It’s the part of the Constitution that keeps the government from invading your privacy for no reason. If the police, the IRS, or the FBI want to search your home, they need a good reason, and a warrant from a judge.
Laws often lag behind technological change. As a result, privacy can suffer. Consider the Electronic Communications Privacy Act (ECPA), adopted in 1986. Under ECPA, government agencies claim they do not need a warrant to search private stuff you have stored in the cloud, including email.
Every day we read about new government surveillance programs accessing more info about our private lives. We’re in a critical moment. Fortunately, momentum in Congress is building in support of the Email Privacy Act (HR 1852), which would update ECPA and require a warrant for online communications.
ECPA says the government can read a lot of your most personal stuff without a warrant. That doesn’t make sense and conflicts with the Fourth Amendment.
That’s why members of Congress from both parties are supporting the Email Privacy Act. But if we want a bill to pass, we’ll need even more Members to support legislation. That’s why you should contact your Representative today and ask him or her to cosponsor the bill.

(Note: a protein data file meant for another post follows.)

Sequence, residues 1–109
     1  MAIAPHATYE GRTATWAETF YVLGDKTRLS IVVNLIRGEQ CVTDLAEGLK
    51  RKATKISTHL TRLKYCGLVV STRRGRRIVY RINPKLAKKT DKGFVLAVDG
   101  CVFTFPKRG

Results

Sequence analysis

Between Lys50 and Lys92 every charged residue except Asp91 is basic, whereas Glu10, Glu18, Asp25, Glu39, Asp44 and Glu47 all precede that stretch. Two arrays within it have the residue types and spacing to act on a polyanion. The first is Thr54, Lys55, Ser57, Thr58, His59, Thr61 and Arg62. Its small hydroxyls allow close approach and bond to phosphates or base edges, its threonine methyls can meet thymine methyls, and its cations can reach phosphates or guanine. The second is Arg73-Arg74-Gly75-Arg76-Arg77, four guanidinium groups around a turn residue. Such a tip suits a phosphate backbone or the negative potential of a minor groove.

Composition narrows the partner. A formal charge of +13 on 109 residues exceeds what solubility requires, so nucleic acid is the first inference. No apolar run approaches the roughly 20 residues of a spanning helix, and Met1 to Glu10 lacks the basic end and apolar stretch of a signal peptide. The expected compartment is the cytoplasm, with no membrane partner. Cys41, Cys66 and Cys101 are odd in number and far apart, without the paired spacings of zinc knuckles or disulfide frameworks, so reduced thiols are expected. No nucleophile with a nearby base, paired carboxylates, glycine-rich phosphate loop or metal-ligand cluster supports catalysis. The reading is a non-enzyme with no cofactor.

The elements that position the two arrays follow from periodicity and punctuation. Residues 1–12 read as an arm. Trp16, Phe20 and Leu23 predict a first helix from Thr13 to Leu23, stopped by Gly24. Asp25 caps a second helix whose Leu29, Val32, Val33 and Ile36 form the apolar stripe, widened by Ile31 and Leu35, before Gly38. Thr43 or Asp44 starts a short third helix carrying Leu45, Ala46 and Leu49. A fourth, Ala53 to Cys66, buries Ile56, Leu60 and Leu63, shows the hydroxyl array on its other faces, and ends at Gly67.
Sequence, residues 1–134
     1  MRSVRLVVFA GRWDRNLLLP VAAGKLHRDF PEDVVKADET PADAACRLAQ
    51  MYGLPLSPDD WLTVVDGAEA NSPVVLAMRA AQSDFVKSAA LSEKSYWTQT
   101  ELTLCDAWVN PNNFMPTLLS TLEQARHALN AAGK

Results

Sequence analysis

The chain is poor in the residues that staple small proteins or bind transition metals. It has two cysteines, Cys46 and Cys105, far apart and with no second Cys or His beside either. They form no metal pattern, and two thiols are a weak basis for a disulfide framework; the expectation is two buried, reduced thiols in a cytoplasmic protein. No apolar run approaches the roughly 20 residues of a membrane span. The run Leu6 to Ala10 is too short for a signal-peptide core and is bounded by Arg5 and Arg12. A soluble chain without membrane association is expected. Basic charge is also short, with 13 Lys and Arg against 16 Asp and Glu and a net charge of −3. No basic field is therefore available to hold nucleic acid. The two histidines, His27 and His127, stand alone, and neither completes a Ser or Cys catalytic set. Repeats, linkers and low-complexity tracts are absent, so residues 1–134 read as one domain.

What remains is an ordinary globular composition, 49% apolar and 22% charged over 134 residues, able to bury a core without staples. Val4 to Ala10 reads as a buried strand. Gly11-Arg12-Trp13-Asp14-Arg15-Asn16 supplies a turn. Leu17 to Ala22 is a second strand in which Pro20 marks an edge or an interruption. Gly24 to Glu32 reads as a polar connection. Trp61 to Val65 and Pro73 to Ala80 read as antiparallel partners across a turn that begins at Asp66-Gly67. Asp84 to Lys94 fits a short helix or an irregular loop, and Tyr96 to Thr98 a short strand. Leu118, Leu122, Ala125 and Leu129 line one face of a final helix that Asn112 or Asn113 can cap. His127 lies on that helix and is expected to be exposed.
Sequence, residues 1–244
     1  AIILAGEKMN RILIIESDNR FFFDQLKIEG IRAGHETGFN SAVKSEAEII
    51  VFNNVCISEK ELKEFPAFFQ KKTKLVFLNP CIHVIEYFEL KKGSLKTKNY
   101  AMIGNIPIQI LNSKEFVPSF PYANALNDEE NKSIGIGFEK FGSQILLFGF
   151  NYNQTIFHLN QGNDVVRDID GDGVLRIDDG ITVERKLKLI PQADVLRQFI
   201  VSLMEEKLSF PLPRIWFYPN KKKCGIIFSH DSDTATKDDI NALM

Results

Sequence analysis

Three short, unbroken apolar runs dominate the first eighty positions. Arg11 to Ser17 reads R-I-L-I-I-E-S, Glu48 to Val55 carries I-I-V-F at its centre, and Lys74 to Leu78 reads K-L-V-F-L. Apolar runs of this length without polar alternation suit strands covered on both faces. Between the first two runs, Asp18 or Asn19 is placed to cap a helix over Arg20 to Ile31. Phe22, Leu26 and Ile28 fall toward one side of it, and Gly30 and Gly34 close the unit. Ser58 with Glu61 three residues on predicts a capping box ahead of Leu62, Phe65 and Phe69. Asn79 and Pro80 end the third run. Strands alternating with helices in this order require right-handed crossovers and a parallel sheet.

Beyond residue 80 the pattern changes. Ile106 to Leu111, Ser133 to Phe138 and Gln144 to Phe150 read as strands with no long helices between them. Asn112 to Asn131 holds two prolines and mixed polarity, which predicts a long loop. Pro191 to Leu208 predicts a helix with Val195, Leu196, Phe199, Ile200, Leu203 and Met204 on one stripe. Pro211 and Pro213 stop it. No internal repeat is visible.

With each passing day, more and more of our personal information and communications are stored online. Almost everyone stores years’ worth of email, along with private photos and many other sensitive materials. Unless we act now to urge Congress to make this common sense update to ECPA, aggressive government investigators will try to access this information without a warrant.
Privacy means you can be yourself. You can express ideas without fear of being unjustly punished or discriminated against. Privacy lets you live your life without pausing to think if the government is watching. Privacy keeps you safe. It's a core principle in any free society.
Online privacy is also important to businesses that are increasingly moving to cloud storage. Outdated privacy laws like ECPA create uncertainty that harms economic growth.